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Sheriff: 200 anglers rescued after large ice chunk breaks free on Upper Red Lake

200 anglers rescued after large ice chunk breaks free on Upper Red Lake
200 anglers rescued after large ice chunk breaks free on Upper Red Lake 02:13

UPPER RED LAKE, Minn. -- The Beltrami County Sheriff's Office says about 200 anglers were stranded on Upper Red Lake after a large ice chunk broke free Monday.

The sheriff's office said the group was stranded by about 30 yards of open water. A temporary ice bridge was set up at JR's Corner Access to help anglers get across the open water.

Adam Studnisky, president of JR's Corner Access, says the ice began shifting at around 11:30 a.m. Monday. He says he and other people from nearby resorts were able to use their ATVs to get out on the ice and alert people who were fishing. 

Studnisky says that the temporary bridge was set up at 12:30 p.m. It took deputies and first responders about two hours to free everyone. There were no reported injuries.

View of temporary bridge from JR's Corner Access JR's Corner Access

Shane Youngbauer is an Upper Red Lake fishing guide who went live on social media after the ice crack.

"Basically midday it just, you know, wind shifted and blew it apart," Youngbauer said. "Mother Nature!"

According to first responders, it's possible many folks on the ice didn't even know they were in 60 feet of open water, so the sheriff sent an evacuation order via emergency text message.

Nicole Biagi, the Minnesota Department of Natural Resources' ice safety coordinator, says just because it's cold it doesn't mean automatically the lake, river or stream or pond will freeze especially to that safe level. She recommends a minimum 4-6 inches of ice for any activity – but no ice is 100% safe.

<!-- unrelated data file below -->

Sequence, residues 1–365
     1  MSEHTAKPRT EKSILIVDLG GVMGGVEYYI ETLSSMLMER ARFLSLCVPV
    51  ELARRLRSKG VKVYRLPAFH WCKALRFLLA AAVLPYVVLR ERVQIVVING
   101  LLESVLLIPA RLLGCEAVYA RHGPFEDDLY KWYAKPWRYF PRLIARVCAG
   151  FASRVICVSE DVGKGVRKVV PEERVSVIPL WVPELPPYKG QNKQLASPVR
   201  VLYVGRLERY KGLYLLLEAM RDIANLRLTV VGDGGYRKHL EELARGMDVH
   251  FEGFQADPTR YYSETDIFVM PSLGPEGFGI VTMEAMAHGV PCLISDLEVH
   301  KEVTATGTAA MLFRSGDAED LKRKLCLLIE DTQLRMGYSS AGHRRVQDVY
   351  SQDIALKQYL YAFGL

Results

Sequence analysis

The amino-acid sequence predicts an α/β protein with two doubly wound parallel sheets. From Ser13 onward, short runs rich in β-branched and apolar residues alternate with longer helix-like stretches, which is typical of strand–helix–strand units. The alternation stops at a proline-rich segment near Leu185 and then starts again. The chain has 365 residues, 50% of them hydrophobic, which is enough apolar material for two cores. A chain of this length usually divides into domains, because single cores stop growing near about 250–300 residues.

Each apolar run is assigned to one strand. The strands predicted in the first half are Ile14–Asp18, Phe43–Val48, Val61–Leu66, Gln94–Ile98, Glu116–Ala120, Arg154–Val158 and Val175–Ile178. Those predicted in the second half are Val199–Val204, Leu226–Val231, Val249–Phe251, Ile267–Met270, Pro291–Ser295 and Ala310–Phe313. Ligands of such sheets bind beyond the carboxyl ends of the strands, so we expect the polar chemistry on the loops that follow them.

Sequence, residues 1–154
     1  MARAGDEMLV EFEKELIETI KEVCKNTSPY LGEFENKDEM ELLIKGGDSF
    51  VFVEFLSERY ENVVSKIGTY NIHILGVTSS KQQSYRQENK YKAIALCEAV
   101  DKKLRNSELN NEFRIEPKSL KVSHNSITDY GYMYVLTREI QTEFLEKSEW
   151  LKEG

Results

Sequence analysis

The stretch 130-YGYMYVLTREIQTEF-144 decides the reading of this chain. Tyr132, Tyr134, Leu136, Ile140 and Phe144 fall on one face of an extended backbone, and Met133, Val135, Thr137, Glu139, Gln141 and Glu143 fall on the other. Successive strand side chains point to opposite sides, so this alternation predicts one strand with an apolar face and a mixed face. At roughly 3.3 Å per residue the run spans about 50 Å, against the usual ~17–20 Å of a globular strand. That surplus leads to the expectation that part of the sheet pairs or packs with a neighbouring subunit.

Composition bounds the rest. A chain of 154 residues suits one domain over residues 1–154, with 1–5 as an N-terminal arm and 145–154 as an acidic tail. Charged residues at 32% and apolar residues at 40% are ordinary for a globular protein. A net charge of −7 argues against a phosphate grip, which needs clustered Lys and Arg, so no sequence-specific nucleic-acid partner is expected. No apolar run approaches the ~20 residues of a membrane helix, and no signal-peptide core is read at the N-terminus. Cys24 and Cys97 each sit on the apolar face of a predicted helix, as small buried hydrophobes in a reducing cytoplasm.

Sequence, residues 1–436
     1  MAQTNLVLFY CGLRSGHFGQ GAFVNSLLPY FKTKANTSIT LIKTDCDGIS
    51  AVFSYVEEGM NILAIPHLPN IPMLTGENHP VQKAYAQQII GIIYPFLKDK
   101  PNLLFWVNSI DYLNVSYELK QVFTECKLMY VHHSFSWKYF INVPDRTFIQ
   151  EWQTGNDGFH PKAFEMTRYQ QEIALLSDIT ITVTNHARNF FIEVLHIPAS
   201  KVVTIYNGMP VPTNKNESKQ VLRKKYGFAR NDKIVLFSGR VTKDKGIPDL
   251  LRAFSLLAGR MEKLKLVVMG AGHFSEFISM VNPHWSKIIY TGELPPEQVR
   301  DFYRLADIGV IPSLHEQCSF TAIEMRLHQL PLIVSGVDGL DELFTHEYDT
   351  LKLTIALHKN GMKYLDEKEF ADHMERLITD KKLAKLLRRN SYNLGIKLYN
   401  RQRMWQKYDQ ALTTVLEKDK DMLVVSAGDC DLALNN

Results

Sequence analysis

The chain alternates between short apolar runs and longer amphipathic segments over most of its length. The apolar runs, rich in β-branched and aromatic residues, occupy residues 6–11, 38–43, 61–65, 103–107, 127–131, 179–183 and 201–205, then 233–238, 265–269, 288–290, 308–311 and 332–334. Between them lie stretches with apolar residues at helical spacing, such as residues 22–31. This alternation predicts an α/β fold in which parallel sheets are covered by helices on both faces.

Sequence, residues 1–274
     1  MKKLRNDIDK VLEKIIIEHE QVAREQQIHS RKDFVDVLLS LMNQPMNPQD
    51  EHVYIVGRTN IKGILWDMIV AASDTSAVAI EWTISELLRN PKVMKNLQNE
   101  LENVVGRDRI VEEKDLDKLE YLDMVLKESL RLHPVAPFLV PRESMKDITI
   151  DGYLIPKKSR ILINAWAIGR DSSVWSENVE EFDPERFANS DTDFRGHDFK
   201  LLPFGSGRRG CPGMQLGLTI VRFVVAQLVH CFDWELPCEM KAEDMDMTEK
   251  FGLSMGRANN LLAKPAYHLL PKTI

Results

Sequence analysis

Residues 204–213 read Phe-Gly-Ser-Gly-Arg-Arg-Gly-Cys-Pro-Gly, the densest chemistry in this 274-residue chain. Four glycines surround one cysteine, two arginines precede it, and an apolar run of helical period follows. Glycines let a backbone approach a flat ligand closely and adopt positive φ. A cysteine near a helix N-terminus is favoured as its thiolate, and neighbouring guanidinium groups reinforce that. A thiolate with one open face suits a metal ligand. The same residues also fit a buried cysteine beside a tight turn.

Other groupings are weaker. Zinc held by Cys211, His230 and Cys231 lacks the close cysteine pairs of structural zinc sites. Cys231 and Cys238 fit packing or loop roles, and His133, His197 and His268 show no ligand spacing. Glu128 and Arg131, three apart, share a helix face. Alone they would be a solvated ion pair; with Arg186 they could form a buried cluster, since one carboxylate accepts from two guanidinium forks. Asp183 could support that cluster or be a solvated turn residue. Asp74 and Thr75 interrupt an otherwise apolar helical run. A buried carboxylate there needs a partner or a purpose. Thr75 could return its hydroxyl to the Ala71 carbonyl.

"It can be temperatures, snow cover, wind, current, depth of the lake," Biagi said. "Even if you see somebody else out on the lake or river, body of water, it doesn't mean that it's safe. They may not have checked properly, and because conditions are changing constantly, maybe they did check and now it's not safe."

She is urging everyone going on the ice to always wear a life jacket or buoyant clothing, plus bring along a set of ice picks to help claw yourself out of the water in case of emergency.

The DNR does not measure ice thickness on Minnesota lakes. They say your safety is your responsibility, and recommend checking ice thickness at least every 150 feet.

The sheriff's office says this should serve as a reminder that early-season ice can be unpredictable.

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